The intrepid Dearborn Heights media did the usual neighbourhood stroll asking neighbours if they’d ever suspected something. This is such useless canvassing, but I guess everyone has to make busywork in the echo of such a heinous crime. My favourite quote? From the mayor of that town, Dan Paletko:

“It’s a very well-kept house. There’s no reason that you would ordinarily think that there’s something unusual. Nice pool, extra yard, the house is landscaped nicely. It looks like a nice home that a family was living in.”

I won’t get into specifics of how a woman with two children would marry a man who confessed to murdering his pregnant wife – surely on the Match.com questionnaire there is a section that says “pregnant wife killers need not apply” – and then has two more children with him. I will get all over this idea that we get to think we know anything about anyone based on how neatly they manicure their lawn or how straight they park their car.
His wife had filed for divorce and applied for protection in the past. And now her children are dead allegedly at his hand, though I hate having to qualify that with the weasel word “allegedly” when he called the police from the front steps of his home and admitted every gruesome step of his crime; he’s not insane, he’s a monster.

But what do we hear? That a neighbour thought he was a good guy because when he accidentally hit his car, he came to tell the neighbour. Good guy! That the kids were nice and well behaved, so nothing bad could be happening to them, right? “There’s nothing we can do about it, just keep them in our prayers,” says another.

Bull. “Keeping someone in our prayers” is a useless balm that means little. Forget the neighbours for a moment; there were people inside that family and their circle who knew of his history and that order of protection three years ago. As anyone who works in women’s shelters or with abused women will tell you, the act of filing for divorce last month made this woman and her children beyond vulnerable. It made them murder victims.

I don’t know what takes place inside your home, unless you tell me. I know a woman who kept such an immaculate home she’d alphabetized her soup cans and coordinated her interior design to match her wardrobe. No chaotic clutter there. And she was so tightly strung if she’d snapped and set herself on fire one day, I wouldn’t have been at all surprised. Not sure what the mayor of her town would have thought.
Perfect marriages, beautiful children, immaculate homes, well-tended yards, terrific careers. Please don’t think any of us are immune to desperation and tragedy regardless of how it looks from the outside.

If your energy is going to keeping a dangerous charade intact, please reach out for help.

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Getting decked, in a good way

There are three men out in my backyard building me a new deck.

One is my son, Ari, 22, who knows this is the cost of living here. The other two are doing me a huge favour.

When Ari took control of the Deck Project, he called his stepdad, The Poor Sod. You might remember him from years ago in these columns. Good guy then, good guy now.

He brought along his friend, Matthew Bryant, who has built a lot of decks. Matt gave Ari a list of what lumber and hardware to have delivered, told him to get the old one ripped out, and the deck games began.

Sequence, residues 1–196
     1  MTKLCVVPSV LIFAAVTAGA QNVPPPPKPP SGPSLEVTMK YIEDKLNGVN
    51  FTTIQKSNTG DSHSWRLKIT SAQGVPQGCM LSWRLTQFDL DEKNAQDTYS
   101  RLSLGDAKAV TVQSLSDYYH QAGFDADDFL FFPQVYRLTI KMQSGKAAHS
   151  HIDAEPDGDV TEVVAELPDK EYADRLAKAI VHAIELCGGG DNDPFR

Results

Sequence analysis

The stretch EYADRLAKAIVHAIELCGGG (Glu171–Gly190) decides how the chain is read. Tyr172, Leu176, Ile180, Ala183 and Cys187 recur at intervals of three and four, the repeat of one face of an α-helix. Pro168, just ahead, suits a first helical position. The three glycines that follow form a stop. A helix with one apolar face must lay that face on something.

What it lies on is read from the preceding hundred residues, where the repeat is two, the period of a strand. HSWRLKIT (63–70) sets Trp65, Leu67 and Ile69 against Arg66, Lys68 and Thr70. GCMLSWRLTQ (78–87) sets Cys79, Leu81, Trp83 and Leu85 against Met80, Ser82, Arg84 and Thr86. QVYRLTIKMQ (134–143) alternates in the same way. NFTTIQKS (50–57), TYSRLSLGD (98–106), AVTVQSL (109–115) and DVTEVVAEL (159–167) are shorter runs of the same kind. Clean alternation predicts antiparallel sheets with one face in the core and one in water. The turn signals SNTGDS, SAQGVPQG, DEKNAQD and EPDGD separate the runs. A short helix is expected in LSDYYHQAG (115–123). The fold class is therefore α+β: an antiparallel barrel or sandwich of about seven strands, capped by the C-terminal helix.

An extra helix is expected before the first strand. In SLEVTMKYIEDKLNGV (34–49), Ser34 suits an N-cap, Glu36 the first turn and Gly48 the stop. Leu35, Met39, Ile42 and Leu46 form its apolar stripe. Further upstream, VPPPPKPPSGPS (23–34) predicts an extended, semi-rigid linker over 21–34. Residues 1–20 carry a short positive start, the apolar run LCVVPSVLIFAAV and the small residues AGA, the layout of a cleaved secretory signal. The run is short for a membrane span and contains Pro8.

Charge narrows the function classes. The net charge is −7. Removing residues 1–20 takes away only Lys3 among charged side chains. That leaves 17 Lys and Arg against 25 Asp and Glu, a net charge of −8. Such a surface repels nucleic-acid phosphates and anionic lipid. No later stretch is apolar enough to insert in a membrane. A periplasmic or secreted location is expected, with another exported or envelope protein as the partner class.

Dad built the last one when I was a teenager, which means it has stood (and in these later years, wobbled) for nearly 40 years. Not bad for a guy who made up his own plans and podged around and improvised when he didn’t quite know what he was doing.

It was fun watching Matt’s face as he peered at some of Dad’s handiwork. Dad was a bricklayer, so he was happy to plunge joists directly into the house and slap some concrete around them. Matt doesn’t know I heard him muttering. I also heard him explaining to Ari the correct way to do it.

No new deck project is complete without an entire day lost to a task you thought would take an hour, four trips to Home Depot, coffee, beer, rain and a row of cat faces in the window.

The first day was perfect weather; the next was rain nearly all day, yet the work continued. Matt would give Ari an instruction, then leave him to it. I watched Ari soaking up everything like a sponge; he’d spent a day at the cottage deck-building with his uncle and he loves doing it. It’s times like these I miss my father being there; for all Dad’s creative fixes, this is the grandson most like him, the one he could have handed the tools to.

Tape measures were flying the whole time and I realized early on that Matt wasn’t second-guessing Ari’s measures. It’s a small thing, but it’s a trust thing and I watched as Matt started incorporating some of Ari’s suggestions. And I watched that build confidence in Ari, who worked shoulder to shoulder with the other men.

Matt and The Poor Sod exchanged a few glances — I smiled as I realized it was an “I told you so; the kid is OK.”

When they finally packed up at the end of day one and left, Ari came into the house and got me.

“Come help me move the rest of the wood around back,” he said.

I stared at a pile of heavy lumber in the driveway and wondered what any of this had to do with me.

“The guys will be back tomorrow, right? I’ll put a car at a neighbour’s.”

“No, it’s better if it’s all around back. I don’t want it stolen, and it saves them doing it in the morning.”

Sighing, I picked up my end and grunted.

“I can’t lift this many boards at once,” I complained.

“Sure you can,” Ari grinned.

“You wouldn’t make Taryn do this, or Pammy,” I puffed.

“You’re right. They couldn’t, or they’d complain, but you’re …. you. Now be quiet.”